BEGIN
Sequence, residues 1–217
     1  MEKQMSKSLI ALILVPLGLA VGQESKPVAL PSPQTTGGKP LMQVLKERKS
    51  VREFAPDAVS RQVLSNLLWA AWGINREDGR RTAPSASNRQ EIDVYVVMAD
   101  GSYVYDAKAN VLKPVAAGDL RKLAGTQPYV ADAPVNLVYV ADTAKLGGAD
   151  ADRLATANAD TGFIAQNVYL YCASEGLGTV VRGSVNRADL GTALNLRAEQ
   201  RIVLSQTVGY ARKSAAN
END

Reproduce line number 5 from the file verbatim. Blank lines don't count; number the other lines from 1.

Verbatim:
   151  ADRLATANAD TGFIAQNVYL YCASEGLGTV VRGSVNRADL GTALNLRAEQ